expression and/or promotion of extremist views and ideas by any adult on
nursery premises or at special events and, when necessary, will make
appropriate referrals in respect of any such adult.
Female genital mutilation
This type of physical abuse is practised as a
cultural ritual by certain ethnic groups and there is now more awareness of its
prevalence in some communities in England including its effect on the child and
any other siblings involved. This procedure may be carried
out shortly after birth and during childhood as well as adolescence, just
before marriage or during a woman’s first pregnancy and varies widely according
to the community. Symptoms may include bleeding,
painful areas, acute urinary retention, urinary infection, wound infection,
septicaemia, incontinence, vaginal and pelvic infections with depression and
post-traumatic stress disorder as well as physiological concerns. If you have
concerns about a child relating to this area, you should contact children’s
social care team in the same way as other types of physical abuse. There is a
mandatory duty to report to police any case where an act of female genital
mutilation appears to have been carried out on a girl under the age of 18, we
will ensure this is followed in our setting.
This is also a type of physical abuse. This
is where a child is presented with an illness that is fabricated by the adult
carer. The carer may seek out unnecessary medical treatment or investigation.
The signs may include a carer exaggerating a real illness or symptoms, complete
fabrication of symptoms or inducing physical illness, e.g. through poisoning,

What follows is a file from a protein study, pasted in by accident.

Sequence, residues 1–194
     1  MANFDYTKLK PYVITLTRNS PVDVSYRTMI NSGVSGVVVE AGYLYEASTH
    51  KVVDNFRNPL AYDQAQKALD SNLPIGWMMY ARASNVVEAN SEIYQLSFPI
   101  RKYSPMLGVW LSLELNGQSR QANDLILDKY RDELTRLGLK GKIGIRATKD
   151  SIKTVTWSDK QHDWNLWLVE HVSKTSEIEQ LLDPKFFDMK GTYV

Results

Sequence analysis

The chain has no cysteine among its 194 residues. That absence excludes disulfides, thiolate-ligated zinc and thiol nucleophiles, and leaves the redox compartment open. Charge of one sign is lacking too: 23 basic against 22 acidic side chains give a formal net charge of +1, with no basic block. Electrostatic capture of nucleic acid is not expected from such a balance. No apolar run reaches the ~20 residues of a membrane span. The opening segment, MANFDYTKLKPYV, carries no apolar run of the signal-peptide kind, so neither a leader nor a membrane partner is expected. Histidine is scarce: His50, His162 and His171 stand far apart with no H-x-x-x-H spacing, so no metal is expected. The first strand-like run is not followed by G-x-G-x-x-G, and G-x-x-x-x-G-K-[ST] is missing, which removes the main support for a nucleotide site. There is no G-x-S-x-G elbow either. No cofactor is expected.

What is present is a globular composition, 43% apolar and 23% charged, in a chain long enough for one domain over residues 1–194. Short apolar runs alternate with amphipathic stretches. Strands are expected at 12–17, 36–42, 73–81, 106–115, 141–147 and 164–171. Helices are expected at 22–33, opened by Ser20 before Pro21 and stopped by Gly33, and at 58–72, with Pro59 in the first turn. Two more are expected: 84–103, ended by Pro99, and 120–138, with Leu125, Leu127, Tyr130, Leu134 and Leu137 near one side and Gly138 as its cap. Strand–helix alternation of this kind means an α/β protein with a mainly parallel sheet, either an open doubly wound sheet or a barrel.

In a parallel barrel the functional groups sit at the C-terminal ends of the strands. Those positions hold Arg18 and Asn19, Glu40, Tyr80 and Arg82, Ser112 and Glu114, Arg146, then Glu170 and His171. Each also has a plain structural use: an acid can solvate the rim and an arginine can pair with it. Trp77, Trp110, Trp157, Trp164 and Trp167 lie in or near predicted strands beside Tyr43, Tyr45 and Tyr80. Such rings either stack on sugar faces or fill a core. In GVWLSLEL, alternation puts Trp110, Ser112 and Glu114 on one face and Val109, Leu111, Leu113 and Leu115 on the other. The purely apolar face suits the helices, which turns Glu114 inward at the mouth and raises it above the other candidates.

starvation, inappropriate diet. This may also be presented through false
allegations of abuse or encouraging the child to appear disabled or ill to
obtain unnecessary treatment or specialist support. Any concerns will be reported to MASH.
Children known to social care
Where a child is subject to involvement of
Children's Social Care we will ensure that:
· The key person is aware that the child is known
to Children's Social Care.
· The key person is responsible for monitoring
and recording patterns of attendance.
· Pre-existing injuries are recorded, monitored
and shared with the allocated social worker
· Any concerns will be shared immediately with
the Safeguarding Officer - Sue and the allocated Social Worker.
Looked after children
The most common reason for children becoming
looked after is as a result of abuse or neglect. If a looked after child
attends the nursery the lead professional will have all the appropriate
information about a child’s looked after status including their background,
their social workers name and contact details and details of the carer the
child is living with. The lead professional will ensure that information is
passed onto staff on a need to know basis only.
allegations against staff, students or volunteers
This framework for managing
cases should be used in respect of all cases in which it is alleged that a
person who works with children has:
Behaved in a way that has harmed a child, or may have harmed a child;
Possibly committed a criminal offence against or related to a child; or
Behaved towards a child or children in a way that indicates s/he would